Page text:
The Modern and Contemporary Literature research group works on a wide range of projects. Apart from the selection listed below, our group members also have a leading role in the Utrecht Forum for Memory Studies and Terra Critica, where many activities take place.
Utrecht Forum for Memory Studies
The Utrecht Forum for Memory Studies offers an interdisciplinary platform for researchers working in the field of cultural memory
Terra Critica is an international research network in the humanities, bringing together scholars specializing in critical and cultural theory. It aims to strengthen the Critical Humanities as a crucial site for critical analyses of our present.
Turning the Page - The Material Book in a Digital World
|Reading Zoos in the Age of the Anthropocene|
The zoo has always been the paradigmatic site for human-animal encounters in modernity. Authors, artists, and filmmakers have long been drawn to this space as a source of inspiration and as a means for reflecting on social, political, and global issues. In the past two decades, public awareness of the negative human impact on the planet, notably climate change and mass extinctions, has been growing. Scientists argue we have entered a new era in the history of the planet: the “Anthropocene”. During the same period, the zoo has become a focal point for a new wave of literary and cinematic representations which reflect the fears and uncertainties about the future, but also seek to imagine alternative scenarios. This project takes these representations as a lens through which to explore how the relationship between humans and the natural world is changing in the age of the Anthropocene.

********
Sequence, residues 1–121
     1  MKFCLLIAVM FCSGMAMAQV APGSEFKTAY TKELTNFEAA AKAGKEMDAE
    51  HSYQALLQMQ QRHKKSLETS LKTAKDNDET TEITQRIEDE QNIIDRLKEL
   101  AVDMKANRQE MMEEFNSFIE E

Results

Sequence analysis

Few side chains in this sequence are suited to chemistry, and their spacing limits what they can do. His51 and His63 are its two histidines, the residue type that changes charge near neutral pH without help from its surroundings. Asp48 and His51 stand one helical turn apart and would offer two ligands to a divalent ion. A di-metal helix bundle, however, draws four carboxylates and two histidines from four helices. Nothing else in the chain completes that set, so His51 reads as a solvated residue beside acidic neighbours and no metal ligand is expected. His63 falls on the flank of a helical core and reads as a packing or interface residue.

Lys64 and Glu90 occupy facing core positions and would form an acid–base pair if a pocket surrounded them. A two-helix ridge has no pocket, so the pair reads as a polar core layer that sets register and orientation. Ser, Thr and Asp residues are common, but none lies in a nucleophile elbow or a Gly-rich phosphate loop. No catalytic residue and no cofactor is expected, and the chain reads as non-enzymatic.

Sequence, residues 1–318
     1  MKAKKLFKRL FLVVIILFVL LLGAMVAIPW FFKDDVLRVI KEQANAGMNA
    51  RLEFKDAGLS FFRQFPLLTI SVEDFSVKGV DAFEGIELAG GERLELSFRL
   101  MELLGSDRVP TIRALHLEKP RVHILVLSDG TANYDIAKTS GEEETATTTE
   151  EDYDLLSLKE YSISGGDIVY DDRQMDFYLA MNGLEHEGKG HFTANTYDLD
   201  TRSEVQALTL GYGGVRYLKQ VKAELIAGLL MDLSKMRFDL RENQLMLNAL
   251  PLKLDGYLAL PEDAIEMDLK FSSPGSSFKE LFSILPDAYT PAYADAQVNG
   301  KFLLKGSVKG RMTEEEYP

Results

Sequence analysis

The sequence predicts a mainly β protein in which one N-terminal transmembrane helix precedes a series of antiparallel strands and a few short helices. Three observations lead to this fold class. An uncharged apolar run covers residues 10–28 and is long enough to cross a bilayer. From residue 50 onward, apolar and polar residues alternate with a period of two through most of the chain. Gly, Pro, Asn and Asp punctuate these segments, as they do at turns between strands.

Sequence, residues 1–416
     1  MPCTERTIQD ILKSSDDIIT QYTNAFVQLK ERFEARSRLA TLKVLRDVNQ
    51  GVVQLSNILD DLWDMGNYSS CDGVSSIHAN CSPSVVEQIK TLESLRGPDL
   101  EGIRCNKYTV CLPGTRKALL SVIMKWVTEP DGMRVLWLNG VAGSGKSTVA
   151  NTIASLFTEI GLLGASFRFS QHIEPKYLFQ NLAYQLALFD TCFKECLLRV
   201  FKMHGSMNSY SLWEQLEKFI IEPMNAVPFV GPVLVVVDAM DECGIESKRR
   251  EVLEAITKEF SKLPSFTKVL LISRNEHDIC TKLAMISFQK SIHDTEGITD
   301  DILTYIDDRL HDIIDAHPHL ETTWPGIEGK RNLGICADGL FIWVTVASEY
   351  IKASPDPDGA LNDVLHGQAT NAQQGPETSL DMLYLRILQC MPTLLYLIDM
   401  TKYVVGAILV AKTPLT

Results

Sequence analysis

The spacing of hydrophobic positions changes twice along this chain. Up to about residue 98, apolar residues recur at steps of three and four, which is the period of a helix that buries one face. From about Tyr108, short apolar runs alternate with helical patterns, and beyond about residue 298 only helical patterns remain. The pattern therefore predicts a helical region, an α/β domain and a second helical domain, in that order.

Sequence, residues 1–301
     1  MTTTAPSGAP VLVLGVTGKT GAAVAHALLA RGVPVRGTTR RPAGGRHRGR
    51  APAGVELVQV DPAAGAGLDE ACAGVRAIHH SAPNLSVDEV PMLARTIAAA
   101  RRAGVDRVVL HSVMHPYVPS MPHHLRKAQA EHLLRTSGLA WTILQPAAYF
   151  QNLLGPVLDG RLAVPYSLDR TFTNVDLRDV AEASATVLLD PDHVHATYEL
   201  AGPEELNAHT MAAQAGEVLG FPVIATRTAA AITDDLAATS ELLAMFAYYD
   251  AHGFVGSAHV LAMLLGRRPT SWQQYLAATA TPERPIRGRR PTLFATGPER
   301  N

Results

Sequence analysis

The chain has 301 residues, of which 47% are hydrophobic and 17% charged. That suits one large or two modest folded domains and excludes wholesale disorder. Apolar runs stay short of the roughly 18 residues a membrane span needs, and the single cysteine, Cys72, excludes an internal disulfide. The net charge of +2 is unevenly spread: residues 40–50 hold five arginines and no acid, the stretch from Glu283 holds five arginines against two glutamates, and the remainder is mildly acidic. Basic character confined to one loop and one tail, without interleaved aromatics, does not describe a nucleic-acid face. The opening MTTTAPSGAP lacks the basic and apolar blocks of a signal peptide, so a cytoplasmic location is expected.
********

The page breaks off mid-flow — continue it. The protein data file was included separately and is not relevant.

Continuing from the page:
|The Author as Policy Officer: Dutch Literary Policy From Below (1960s-today)|
Bringing together Cultural Policy Studies, Literary Studies, field theory, and posture theory for the first time, this project explores the vital role of authors in shaping Dutch literary policies since the 1960s. A focus on literature is in itself new to Cultural Policy Studies, but more importantly this project introduces a bottom-up approach to policy. This approach leads to a better understanding of the agency of individuals in policy systems they are subject to.
|“La femme esclave”: Afterlives of Slavery and Abolitionism in Women’s Rights Movements in France, Germany, and the Netherlands, 1832-1914|
From the 'slavery' of married women to the 'white slavery' of prostitution Sophie van den Elzen seeks to answer the question: How did the cultural memory of the abolitionist movement in the Anglo-American world, carried into Europe by narratives in text and images, inform and help shape the discourse of women’s rights movements in Germany, France and the Netherlands?
At the empirical level, the project will provide a new understanding of the international entanglements of social movements over a longer period; theoretically, it will add to our understanding of the transnational dynamics of cultural memory and reception processes by examining the unexpected ‘afterlives’ of the particularly evocative cultural narrative of antislavery as it changes over time and moves across space; methodologically, it seeks to mobilise methods of literary research to better understand discourses of social activism, developing a model for mapping reception through processes of dissemination, translation, and appropriation across borders.